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eNeuro. 2020 Jan 17;7(1). pii: ENEURO.0255-19.2019. doi: 10.1523/ENEURO.0255-19.2019. Print 2020 Jan/Feb.

Superficial Bound of the Depth Limit of Two-Photon Imaging in Mouse Brain.

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Allen Institute for Brain Science, Seattle, WA 98109
Allen Institute for Brain Science, Seattle, WA 98109.


Two-photon fluorescence microscopy has been used extensively to probe the structure and functions of cells in living biological tissue. Two-photon excitation generates fluorescence from the focal plane, but also from outside the focal plane, with out-of-focus fluorescence increasing as the focus is pushed deeper into tissue. It has been postulated that the two-photon depth limit, beyond which results become inaccurate, is where in-focus and out-of-focus fluorescence are equal, which we term the balance depth. Calculations suggest that the balance depth should be at ∼600 µm in mouse cortex. Neither the two-photon depth limit nor the balance depth have been measured in brain tissue. We found the depth limit and balance depth of two-photon excitation in mice with GCaMP6 indicator expression in all layers of visual cortex, by comparing near-simultaneous two-photon and three-photon excitation. Two-photon and three-photon results from superficial locations were almost identical. two-photon results were inaccurate beyond the balance depth, consistent with the depth limit matching the balance depth for two-photon excitation. However, the two-photon depth limit and balance depth were at 450 µm, shallower than predicted by calculations. Our results were from tissue with a largely homogenous distribution of fluorophores. The expected balance depth is deeper in tissue with fewer fluorophores outside the focal plane and our results therefore establish a superficial bound on the two-photon depth limit in mouse visual cortex.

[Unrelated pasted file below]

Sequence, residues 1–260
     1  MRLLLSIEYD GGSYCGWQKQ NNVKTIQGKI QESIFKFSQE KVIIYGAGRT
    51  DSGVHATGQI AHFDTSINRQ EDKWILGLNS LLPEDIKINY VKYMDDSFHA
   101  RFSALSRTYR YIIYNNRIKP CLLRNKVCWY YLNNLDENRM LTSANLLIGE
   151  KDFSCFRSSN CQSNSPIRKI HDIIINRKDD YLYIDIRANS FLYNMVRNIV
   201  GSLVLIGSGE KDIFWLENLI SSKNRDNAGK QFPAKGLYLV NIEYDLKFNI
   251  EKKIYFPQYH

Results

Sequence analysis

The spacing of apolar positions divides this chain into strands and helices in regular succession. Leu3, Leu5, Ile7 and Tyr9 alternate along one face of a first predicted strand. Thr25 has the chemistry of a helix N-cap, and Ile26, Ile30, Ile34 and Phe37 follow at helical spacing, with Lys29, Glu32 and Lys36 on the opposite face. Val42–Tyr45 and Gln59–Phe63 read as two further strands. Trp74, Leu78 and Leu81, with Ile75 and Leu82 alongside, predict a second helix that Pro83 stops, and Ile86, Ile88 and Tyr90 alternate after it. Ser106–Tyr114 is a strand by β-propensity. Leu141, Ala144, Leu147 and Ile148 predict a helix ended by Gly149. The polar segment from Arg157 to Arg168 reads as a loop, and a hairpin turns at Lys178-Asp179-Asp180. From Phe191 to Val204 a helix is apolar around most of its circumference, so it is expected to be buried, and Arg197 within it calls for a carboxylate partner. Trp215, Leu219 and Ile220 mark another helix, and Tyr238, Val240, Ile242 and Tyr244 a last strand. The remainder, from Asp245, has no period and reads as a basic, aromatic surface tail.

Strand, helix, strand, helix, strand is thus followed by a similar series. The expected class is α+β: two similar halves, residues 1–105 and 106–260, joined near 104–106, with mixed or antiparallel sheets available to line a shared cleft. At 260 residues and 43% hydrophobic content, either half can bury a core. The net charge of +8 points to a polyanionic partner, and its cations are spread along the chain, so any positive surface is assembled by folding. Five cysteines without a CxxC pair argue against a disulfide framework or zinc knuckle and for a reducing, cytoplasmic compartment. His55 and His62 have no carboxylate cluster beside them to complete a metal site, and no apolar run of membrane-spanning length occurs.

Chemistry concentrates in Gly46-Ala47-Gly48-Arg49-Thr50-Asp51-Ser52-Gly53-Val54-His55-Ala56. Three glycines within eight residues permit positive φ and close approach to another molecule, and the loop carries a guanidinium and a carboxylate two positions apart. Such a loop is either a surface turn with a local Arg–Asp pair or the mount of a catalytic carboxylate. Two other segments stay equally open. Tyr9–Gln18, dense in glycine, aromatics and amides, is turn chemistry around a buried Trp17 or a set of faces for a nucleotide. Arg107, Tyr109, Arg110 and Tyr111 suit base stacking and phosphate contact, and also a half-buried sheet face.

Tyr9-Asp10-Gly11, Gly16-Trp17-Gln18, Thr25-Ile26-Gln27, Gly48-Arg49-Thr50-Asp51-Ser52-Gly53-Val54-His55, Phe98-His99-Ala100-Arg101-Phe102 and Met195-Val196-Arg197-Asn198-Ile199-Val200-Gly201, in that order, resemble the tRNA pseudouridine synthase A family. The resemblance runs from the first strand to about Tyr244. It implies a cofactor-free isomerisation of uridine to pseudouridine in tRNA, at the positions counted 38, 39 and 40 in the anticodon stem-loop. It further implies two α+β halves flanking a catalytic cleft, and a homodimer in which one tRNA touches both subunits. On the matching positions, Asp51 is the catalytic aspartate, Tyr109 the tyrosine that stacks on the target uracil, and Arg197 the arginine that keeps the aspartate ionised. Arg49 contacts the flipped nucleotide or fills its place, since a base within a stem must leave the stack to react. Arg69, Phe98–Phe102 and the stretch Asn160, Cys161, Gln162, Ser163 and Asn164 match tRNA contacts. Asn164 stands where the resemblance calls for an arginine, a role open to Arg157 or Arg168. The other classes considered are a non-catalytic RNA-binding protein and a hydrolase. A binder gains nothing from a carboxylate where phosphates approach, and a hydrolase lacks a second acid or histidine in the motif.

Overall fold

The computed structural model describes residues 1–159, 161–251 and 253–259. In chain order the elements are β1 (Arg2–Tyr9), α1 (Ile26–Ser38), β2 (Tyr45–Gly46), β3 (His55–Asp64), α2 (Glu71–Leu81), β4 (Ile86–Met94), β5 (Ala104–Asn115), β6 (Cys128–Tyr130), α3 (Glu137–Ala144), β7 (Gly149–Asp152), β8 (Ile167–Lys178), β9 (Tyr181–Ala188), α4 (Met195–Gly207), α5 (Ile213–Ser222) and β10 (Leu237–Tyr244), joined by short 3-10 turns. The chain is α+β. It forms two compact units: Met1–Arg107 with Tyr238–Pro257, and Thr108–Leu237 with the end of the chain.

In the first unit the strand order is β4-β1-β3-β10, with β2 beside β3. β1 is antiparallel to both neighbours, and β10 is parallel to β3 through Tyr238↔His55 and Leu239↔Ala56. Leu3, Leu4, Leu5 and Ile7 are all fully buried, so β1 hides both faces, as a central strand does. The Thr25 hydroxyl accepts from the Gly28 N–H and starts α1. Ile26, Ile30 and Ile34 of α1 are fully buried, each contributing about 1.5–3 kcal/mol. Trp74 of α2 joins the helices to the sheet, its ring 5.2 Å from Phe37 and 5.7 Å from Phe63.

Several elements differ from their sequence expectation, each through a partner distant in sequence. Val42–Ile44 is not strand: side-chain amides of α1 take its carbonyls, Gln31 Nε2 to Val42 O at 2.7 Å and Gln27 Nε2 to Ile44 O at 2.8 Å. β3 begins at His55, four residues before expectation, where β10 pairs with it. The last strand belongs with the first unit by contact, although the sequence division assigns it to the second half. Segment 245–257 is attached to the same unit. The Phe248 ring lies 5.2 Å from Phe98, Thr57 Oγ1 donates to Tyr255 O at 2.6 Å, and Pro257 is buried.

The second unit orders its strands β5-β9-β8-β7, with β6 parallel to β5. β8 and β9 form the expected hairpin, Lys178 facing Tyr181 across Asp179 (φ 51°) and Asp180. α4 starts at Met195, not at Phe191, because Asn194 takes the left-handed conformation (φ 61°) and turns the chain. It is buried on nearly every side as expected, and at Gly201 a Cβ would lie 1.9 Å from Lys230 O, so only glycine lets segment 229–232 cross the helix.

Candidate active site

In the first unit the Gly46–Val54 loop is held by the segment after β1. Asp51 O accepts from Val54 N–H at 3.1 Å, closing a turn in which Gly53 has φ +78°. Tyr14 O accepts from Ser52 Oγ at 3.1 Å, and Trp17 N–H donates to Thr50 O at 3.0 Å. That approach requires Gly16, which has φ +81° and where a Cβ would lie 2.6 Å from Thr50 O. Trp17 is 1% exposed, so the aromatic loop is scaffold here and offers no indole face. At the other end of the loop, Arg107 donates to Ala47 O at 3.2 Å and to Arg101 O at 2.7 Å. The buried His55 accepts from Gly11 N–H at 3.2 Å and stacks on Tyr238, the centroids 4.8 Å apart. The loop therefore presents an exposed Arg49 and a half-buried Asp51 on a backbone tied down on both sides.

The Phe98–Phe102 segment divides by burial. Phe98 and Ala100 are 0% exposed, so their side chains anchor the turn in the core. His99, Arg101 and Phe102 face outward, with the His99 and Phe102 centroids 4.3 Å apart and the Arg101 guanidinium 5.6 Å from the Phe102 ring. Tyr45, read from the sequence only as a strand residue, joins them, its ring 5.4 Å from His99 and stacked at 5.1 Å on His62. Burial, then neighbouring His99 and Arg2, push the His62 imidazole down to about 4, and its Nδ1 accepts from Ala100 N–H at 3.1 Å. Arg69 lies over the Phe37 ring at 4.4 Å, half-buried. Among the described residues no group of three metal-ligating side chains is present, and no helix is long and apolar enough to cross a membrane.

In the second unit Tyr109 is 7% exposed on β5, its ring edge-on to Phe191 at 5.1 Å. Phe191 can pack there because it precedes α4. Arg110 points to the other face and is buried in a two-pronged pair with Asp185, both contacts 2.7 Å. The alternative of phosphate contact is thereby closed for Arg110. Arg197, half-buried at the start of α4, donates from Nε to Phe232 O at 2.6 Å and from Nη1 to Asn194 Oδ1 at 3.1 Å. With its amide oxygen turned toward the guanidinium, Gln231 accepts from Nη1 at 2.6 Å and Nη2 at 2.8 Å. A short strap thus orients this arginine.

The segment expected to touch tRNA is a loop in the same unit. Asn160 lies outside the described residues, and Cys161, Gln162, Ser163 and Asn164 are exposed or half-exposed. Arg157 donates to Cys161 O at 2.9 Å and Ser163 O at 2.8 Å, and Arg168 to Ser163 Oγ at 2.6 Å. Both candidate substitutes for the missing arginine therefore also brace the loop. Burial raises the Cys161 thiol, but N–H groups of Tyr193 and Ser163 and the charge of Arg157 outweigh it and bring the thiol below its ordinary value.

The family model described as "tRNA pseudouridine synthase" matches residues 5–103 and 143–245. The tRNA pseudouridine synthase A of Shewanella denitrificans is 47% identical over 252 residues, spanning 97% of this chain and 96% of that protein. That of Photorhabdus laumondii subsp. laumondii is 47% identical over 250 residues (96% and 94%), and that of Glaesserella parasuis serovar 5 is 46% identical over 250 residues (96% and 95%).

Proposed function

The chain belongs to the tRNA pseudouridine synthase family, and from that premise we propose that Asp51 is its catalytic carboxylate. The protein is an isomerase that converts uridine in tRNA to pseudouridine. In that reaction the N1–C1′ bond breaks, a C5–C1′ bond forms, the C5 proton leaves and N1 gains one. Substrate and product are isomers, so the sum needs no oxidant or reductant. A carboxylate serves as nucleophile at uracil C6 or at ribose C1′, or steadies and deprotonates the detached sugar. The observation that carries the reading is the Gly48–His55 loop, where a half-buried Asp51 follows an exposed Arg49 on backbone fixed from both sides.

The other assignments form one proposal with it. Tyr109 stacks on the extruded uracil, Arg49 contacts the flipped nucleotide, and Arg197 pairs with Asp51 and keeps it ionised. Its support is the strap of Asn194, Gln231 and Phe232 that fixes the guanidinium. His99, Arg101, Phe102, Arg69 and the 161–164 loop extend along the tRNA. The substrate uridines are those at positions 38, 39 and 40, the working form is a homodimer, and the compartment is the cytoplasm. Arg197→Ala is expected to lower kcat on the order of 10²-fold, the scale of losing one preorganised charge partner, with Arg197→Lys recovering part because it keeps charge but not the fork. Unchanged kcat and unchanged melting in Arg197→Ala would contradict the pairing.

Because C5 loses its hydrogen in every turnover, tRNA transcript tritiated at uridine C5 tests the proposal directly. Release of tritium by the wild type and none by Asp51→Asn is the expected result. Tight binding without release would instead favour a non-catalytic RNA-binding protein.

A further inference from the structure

2-photon; 3-photon; cortex; fluorescence; multiphoton

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